Brett and his guides are of necessity young and lean, able to hunt for miles each day in rough cover. For those clients able to keep up and shoot well it is pheasant Heaven and dogs like Hunter make the difference between success and a hard walk.

When I first met Hunter he was probably seven and still going strong. The cattail pollen looked like a snow storm when Hunter attacked it. I was sure he could not maintain that pace in the rough stuff but he could and did. Whenever we returned to the truck at the end of a push and a water break Hunter would be panting so hard I worried he was a medical emergency. We would pour water bottles on him making a puddle in the truck bed for him to cool. We would try to make him rest a push and hunt another dog. No way! As soon as he heard the shotgun actions closing he would jump out of the truck and lead the hunt again over and over.

I have had considerable experience hunting and field trailing pointers and setters so I truly enjoy dogs with get up and go. We used to say you could work with a strong dog, one with lots of fire, but you could never give an average dog more enthusiasm. Hunter had that fire. I laugh when I see other hunters urging “Ginger” or “Bridget” to “hunt dead”, or “in here”, hunt them up sweetheart”, “use your nose”. Hunter never needed encouragement, he was born with it. I wish I could have seen him as a puppy, I’ll bet the talent was obvious.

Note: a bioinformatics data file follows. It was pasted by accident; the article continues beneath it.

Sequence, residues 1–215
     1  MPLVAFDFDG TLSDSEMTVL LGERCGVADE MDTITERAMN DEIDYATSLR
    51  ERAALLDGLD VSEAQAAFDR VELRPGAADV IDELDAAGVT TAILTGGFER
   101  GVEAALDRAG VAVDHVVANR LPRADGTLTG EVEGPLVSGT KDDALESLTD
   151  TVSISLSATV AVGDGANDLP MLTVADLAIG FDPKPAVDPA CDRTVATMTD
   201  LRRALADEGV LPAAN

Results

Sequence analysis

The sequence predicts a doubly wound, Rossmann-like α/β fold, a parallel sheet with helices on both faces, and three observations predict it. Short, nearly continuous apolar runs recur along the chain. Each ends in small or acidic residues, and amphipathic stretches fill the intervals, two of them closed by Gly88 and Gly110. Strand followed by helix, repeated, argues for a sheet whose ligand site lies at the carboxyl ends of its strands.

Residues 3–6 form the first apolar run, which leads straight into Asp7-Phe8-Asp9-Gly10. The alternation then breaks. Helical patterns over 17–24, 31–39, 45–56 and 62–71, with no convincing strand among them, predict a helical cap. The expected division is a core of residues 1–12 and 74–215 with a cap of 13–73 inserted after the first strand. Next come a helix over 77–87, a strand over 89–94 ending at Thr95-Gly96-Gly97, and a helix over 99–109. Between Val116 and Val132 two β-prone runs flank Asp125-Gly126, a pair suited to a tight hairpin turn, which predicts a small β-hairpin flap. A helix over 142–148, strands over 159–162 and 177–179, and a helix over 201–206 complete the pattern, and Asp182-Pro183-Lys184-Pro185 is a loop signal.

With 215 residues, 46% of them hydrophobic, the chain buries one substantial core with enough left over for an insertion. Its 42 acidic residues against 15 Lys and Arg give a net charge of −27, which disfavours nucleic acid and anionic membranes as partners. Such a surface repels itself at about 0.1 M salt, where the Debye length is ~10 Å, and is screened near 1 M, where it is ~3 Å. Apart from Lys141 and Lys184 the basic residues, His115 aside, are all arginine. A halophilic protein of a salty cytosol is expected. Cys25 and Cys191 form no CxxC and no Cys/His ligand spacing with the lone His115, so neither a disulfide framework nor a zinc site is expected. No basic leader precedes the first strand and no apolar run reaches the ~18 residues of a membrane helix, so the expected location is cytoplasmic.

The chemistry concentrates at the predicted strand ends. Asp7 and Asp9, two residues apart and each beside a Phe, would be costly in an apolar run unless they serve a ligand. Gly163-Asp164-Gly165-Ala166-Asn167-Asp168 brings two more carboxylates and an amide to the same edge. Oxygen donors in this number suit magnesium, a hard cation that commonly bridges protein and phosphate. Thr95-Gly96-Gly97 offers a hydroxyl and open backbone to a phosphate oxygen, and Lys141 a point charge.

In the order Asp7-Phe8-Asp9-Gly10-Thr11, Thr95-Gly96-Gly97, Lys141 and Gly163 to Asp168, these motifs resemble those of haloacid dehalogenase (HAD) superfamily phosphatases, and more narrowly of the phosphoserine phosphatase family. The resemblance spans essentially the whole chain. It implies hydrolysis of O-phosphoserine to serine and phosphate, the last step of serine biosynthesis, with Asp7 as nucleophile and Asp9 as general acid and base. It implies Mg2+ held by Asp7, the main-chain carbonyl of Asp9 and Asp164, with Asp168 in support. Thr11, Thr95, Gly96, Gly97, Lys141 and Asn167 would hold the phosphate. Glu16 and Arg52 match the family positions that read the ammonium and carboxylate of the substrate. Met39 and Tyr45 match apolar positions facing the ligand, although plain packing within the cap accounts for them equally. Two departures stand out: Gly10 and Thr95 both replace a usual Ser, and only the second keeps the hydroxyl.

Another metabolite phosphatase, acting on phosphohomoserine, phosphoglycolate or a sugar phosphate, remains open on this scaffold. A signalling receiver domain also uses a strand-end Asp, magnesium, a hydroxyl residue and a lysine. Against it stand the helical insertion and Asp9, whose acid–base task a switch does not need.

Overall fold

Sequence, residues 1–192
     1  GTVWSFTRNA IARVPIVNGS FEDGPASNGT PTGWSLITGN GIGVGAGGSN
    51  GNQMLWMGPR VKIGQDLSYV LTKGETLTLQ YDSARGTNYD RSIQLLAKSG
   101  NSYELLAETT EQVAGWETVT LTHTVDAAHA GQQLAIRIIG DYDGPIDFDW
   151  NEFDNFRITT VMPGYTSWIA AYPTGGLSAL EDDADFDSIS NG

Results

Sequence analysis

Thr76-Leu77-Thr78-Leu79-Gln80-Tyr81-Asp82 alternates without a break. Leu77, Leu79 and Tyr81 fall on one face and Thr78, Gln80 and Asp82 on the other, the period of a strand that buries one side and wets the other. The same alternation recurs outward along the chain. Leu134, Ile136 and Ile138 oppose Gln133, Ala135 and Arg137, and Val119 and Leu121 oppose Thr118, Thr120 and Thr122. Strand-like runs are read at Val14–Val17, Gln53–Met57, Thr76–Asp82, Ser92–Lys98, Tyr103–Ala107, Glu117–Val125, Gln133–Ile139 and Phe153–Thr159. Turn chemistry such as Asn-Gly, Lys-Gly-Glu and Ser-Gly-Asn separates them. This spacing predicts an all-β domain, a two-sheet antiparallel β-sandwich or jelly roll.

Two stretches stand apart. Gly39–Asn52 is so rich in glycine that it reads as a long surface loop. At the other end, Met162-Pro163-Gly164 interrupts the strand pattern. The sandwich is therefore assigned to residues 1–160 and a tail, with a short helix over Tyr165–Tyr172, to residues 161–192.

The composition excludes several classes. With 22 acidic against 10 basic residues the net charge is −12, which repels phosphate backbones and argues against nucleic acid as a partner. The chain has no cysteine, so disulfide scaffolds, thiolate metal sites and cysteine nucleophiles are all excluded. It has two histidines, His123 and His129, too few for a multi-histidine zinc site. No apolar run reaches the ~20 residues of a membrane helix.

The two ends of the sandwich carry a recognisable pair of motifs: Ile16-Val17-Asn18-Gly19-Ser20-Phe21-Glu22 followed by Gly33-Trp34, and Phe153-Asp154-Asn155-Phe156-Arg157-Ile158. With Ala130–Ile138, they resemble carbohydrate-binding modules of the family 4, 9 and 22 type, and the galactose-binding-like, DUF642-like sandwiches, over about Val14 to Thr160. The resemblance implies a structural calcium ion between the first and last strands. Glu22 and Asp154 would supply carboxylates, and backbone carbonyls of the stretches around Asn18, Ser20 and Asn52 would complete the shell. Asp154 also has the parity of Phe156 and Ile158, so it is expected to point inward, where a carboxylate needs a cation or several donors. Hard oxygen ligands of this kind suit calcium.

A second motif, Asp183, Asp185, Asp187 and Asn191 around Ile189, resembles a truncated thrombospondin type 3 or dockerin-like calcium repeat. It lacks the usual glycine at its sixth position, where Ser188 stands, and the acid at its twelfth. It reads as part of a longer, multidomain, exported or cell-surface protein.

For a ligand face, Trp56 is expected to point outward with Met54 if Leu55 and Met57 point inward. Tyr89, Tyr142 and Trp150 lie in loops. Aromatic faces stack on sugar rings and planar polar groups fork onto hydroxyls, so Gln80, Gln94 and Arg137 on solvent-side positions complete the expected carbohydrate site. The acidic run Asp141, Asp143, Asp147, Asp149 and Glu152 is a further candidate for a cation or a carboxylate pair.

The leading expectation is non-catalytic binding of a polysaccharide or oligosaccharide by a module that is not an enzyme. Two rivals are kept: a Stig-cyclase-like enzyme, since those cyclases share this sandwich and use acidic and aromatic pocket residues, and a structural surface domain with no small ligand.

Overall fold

At Bad River Bucks & Birds, hunters usually have limits of pheasants by lunch time or just after, allowing late afternoon pass shooting at sharptails or prairie chickens. Three years ago on the way out to the chicken hunt, Hunter was in the truck with me and the guide’s young female lab who Hunter discovered was coming in season. You can imagine the melee that insued as the female resisted Hunter’s advances. At the earliest possible hunting site the guide strongly suggested that Hunter and I get out. Neither the dog or I really enjoy just sitting around waiting for action. Hunter would wander off in the weeds doing something and come by every few minutes to check on me. The first bunch of Sharptails flew over the next Hunter up the line about 100 yards distant but the shooting veered one straggler my way. I missed clean on the first shot but doubled the lead and fired just as the bird flew right into the sun. At the shot the wounded sharpie slanted out into a stubble field about 80 yards from me and too far for a finishing shot. Whatever Hunter had been up to he snapped into action at the sound of gun shots and sight of a wounded bird. Just before Hunter reached the cripple the bird fluttered up 3-4 feet above the stubble and was able to stay just ahead of old Hunter 300 yards or so over to a CRP field where it crash landed. Without hesitation Hunter hit the CRP right after him. In the time it took me to cover the same yardage, Hunter had bounced out of the tall grass three times and then charged right back in with no encouragement needed from me. On his fourth exit he had the bird. That was just typical of Hunter, he was birdy, still is.